The Taiheiki isn't a particularly reliable guide to the size of armies, combining a tendency to exaggeration with some inconsistencies. At its peak Yoshisada's army was said to have been 200,000 strong. His casualties are said to have been low at the first two battles, but after the first day of the battle of Bubaigawara his army was apparently only 100,000 strong. The events of the first two battles of the campaign suggest that Yoshisada did outnumber the first Bakufu force sent against him, but that after the arrival of reinforcements the Bakufu had the advantage.

Yoshisada finally decided to advance on the night of the 14th day (26-27 June 1333). The battle began late in the night (still the 14th day in the Japanese calendar, early on 27 June in the western calendar). Yoshisada's men let out a battle cry, but it was the reinforced Bakufu army that attacked first. They began by sending 3,000 archers forward to slow the rebel advance, before the rest of the army attacked. Yoshisada fought back, and his men launched seven or eight attacks, but they were outnumbered and were eventually forced to retreat north towards Horigane. This first part of the battle took place at Bubaigawara, modern Fuchu on the north bank of the Tama River (western Tokyo).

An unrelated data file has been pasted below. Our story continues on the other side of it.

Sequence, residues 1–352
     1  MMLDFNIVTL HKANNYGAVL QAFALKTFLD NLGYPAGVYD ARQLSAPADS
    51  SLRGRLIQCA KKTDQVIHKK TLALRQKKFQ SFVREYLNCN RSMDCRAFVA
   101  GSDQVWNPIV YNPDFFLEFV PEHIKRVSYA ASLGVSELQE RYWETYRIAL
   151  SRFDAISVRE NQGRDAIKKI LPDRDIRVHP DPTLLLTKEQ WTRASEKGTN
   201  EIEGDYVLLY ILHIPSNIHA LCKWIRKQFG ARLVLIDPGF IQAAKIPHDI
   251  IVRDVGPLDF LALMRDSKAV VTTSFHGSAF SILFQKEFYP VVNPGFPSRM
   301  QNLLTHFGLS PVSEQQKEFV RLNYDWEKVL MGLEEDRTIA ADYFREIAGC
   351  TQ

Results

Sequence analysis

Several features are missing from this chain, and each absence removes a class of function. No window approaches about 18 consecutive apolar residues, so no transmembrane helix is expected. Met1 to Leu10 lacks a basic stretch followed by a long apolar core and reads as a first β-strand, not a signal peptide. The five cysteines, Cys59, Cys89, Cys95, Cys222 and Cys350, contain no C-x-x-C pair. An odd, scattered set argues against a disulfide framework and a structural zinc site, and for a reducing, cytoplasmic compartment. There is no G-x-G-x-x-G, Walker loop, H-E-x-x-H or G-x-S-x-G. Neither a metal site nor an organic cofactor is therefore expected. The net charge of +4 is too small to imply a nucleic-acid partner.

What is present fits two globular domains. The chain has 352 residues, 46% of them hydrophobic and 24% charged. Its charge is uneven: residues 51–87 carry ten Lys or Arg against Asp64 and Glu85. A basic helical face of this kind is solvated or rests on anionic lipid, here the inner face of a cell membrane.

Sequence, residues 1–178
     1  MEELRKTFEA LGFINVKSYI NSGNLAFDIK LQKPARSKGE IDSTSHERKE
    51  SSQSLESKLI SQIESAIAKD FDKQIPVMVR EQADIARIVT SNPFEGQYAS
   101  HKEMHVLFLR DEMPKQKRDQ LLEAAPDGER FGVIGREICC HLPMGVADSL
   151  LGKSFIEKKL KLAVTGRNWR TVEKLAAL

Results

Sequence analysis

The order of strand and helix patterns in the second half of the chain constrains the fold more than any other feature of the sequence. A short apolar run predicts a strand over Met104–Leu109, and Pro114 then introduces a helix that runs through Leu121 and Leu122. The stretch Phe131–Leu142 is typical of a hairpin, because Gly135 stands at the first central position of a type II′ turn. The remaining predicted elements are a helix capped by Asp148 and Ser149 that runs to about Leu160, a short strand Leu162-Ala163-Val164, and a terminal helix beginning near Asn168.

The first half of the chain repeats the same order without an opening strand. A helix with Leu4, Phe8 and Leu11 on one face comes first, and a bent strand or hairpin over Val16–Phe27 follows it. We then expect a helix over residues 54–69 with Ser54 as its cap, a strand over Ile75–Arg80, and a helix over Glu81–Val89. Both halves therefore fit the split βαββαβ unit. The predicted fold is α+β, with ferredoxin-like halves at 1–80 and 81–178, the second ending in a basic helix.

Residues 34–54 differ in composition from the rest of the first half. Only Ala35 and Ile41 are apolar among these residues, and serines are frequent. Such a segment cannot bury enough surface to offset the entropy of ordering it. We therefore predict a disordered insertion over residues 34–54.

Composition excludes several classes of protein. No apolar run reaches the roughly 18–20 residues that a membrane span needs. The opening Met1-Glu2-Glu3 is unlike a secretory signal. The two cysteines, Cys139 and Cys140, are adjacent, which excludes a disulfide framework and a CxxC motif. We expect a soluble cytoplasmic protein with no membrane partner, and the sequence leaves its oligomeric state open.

Although the forces of the Bakufu had won a significant victory, their morale was still poor and instead of pursuing Yoshisada's retreating men they held their position at Bubaigawara. They thus missed a chance to destroy Yoshisada's troops while they were still demoralised.

Late on the 15th day (27 June) reinforcements led by Miura Yoshikatsu reached Yoshisada's army. Yoshikatsu encouraged Yoshisada to attack on the following day, claiming that the Bakufu's men were overconfident and that his own fresh force would turn the tide.

On the morning of the 16th day (28 June) Miura Yoshikatsu led his men towards the Bakufu army, with their banners furled. The Bakufu men weren't expecting to be attacked, and were still in their camps as he advanced. They weren't sure who the newcomer was, with some worrying that they were enemies while most assumed that they were reinforcements.